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Interpretation Response #11-0072 ([AirSep Corporation] [Mr. Richard W. Boerdner])

Below is the interpretation response detail and a list of regulations sections applicable to this response.

Interpretation Response Details

Response Publish Date:

Company Name: AirSep Corporation

Individual Name: Mr. Richard W. Boerdner

Location State: NY Country: US

View the Interpretation Document

Response text:

April 20, 2011

 

Mr. Richard W. Boerdner
Production Manager
AirSep Corporation
401 Creekside Drive
Buffalo, NY 14228-2085

Reference No. 11-0072

Dear Mr. Boerdner:

This responds to your March 25, 2011 letter and subsequent telephone conversation with a member of my staff regarding the applicability of the Hazardous Materials Regulations (HMR; 49 CFR Parts 171-180) to a portable oxygen concentrator (POC) for purposes of obtaining FAA approval to allow a passenger to carry the POC aboard an aircraft. According to your letter, the POC (trade name Focus) is a device that separates oxygen from ambient air through a process called Pressure Swing Absorption (PSA). The device uses oxygen conserving technology to provide supplemental oxygen to persons with medical needs. The maximum operating pressure of the POC is 39 psia at 20 °C. The POC is powered by multiple sources, including AC or DC power, and a rechargeable lithium-ion battery pack. The battery pack consists of four 2.6 Ah lithium-ion cells equating to an equivalent lithium content of 0.78 g per cell and 3.12 g aggregate equivalent lithium content for the battery pack (38.48 Wh). The lithium-ion battery pack is a type proven to meet the appropriate tests in the United Nations Manual of Tests and Criteria, and the battery pack is packaged in a manner to prevent short circuits when offered for transport or carried onboard passenger aircraft. You ask whether this device is regulated under the HMR.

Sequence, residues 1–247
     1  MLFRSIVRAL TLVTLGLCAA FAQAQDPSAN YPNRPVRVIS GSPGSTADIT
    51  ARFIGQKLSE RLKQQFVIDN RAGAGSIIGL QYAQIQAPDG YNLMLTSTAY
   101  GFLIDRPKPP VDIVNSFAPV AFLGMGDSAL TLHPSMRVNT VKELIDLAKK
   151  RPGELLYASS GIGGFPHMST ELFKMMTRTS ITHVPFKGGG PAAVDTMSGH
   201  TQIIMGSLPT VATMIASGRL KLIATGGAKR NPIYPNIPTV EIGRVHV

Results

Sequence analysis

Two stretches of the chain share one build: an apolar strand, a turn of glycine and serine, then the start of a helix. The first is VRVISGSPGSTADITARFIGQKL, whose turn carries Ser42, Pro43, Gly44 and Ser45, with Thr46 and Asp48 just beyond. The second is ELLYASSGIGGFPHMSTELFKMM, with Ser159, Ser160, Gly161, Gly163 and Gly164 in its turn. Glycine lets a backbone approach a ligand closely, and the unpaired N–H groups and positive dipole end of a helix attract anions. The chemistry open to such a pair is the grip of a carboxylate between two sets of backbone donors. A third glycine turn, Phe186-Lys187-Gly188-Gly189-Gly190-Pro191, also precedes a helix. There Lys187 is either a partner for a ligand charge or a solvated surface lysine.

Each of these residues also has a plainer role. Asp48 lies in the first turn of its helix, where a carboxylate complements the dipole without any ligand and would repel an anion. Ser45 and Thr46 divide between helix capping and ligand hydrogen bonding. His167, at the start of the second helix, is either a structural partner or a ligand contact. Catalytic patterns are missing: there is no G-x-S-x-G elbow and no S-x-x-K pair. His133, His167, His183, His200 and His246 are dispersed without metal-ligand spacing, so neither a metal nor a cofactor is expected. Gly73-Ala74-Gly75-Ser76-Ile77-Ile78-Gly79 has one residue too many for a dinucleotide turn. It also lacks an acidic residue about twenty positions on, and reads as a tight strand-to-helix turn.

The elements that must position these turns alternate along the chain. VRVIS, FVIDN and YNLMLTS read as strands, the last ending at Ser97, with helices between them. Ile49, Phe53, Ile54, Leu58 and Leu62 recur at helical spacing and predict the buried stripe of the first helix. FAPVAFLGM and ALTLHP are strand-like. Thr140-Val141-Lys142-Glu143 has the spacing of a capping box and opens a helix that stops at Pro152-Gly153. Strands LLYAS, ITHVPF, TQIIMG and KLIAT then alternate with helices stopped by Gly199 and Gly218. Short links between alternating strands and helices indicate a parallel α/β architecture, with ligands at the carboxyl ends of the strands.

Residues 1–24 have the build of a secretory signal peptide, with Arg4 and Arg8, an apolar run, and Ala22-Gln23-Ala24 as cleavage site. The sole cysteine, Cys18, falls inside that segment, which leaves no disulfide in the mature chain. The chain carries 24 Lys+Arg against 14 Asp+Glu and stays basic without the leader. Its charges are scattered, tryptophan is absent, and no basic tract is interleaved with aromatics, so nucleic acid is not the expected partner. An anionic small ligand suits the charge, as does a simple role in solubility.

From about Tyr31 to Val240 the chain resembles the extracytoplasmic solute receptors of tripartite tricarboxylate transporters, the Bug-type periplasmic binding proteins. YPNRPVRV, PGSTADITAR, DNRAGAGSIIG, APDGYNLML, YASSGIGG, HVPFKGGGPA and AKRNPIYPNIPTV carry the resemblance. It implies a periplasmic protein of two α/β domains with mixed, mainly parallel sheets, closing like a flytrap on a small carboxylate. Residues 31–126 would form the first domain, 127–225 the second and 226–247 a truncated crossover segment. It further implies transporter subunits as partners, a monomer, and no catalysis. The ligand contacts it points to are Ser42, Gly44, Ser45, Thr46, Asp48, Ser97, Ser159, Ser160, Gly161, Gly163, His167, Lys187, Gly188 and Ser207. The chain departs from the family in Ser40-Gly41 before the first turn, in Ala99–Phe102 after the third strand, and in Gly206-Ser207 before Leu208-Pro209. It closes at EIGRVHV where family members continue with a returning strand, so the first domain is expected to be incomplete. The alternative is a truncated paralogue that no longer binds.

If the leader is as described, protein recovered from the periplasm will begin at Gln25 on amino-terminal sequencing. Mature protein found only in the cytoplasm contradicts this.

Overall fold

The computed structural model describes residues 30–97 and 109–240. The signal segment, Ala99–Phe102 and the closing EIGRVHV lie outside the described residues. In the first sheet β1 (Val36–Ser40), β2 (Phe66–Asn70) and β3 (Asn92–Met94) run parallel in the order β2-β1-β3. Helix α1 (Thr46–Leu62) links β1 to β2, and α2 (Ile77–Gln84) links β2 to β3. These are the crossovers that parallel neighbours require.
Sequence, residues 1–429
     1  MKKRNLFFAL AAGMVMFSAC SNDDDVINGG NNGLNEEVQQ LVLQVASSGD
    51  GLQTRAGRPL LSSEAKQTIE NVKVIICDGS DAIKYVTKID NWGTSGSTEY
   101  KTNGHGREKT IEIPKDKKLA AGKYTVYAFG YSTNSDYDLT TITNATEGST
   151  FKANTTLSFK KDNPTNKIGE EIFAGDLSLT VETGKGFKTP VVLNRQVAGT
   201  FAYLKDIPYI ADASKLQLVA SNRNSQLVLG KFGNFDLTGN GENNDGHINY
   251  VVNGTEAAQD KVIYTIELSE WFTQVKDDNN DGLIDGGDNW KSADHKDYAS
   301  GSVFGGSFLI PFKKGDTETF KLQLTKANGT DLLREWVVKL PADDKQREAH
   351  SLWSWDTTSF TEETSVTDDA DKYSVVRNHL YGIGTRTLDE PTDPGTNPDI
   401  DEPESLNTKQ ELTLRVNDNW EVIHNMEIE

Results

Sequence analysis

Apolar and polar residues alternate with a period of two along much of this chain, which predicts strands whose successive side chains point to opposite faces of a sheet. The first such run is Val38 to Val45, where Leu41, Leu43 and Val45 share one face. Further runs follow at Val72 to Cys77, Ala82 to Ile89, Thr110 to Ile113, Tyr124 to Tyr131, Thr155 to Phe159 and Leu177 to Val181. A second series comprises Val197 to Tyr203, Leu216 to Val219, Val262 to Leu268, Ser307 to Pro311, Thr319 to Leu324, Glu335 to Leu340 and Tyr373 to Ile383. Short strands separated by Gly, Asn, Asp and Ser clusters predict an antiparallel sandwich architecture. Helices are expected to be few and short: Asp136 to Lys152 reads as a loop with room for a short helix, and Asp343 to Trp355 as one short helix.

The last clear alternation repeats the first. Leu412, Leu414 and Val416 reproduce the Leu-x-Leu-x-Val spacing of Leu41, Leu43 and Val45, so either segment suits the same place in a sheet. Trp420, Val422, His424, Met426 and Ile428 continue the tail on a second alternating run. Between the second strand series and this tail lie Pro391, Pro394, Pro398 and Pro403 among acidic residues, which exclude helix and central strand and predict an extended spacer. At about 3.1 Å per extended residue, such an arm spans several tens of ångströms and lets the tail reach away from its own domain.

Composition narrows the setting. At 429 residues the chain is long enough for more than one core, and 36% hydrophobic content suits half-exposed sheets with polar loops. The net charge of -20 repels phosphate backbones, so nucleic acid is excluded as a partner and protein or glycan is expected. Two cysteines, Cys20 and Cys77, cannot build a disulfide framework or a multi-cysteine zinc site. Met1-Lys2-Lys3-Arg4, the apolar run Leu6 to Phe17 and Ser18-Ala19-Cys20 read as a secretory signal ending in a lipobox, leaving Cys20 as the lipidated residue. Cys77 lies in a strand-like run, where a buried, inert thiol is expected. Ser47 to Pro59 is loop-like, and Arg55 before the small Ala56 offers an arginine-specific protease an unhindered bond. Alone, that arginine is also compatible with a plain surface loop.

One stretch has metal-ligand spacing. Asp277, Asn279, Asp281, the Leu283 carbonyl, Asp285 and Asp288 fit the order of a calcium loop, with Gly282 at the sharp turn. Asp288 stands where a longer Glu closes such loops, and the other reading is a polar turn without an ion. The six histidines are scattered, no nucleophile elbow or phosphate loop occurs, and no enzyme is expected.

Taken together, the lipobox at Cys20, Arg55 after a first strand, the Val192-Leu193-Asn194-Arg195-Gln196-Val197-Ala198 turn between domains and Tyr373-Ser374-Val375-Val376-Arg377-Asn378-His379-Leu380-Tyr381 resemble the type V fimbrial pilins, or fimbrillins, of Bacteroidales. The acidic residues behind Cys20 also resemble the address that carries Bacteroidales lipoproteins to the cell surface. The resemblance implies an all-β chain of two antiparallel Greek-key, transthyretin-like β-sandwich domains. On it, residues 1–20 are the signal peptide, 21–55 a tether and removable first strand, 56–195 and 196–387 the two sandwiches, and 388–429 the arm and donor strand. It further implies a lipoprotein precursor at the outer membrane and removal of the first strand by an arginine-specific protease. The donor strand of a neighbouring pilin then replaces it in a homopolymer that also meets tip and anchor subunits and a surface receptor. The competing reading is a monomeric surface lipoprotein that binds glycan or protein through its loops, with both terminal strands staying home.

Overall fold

Based on the information provided in your letter, the Focus POC is currently not subject to the HMR because: (1) the pressure of the oxygen in the device does not exceed 200 kPa gauge (29.0 psig/43.8 psia) at 20 °C (68 °F); (2) the lithium-ion battery pack used to operate the device is excepted from the HMR under § 172.102(c)(1), Special provision 188; (3) the POC contains no other materials subject to the HMR; and (4) the battery pack is packaged in a manner to preclude it from creating sparks or generating a dangerous quantity of heat (e.g., by the effective insulation of exposed terminals).

Although the exception in § 175.10(a)(18) of the HMR would apply to a passenger carrying a Focus POC as described above, approval by the Federal Aviation Administration (FAA) is required before it may be used by a passenger onboard an aircraft. The FAA published a final rule on July 12, 2005 (70 FR 40155) regarding these devices. For further assistance, you may contact Mr. Dave Catey, Aviation Safety Inspector for the FAA Air Carrier Operations Branch (AFS-220) by phone at (202)-267-3732 or email at david.catey@faa.gov. In addition, even with FAA approval, an air carrier ultimately determines what may or may not be carried on its aircraft. We suggest that you contact the airlines to ensure that the Focus POC may be carried.

I trust this satisfies your inquiry. Please contact us if we can be of further assistance.

Sincerely,

Ben Supko
Acting Chief, Standards Development Branch
Standards and Rulemaking Division

172.102 SP 188, 175.10(a)(10)

Regulation Sections

Section Subject
173.185 Lithium cells and batteries
175.10 Exceptions for passengers, crewmembers, and air operators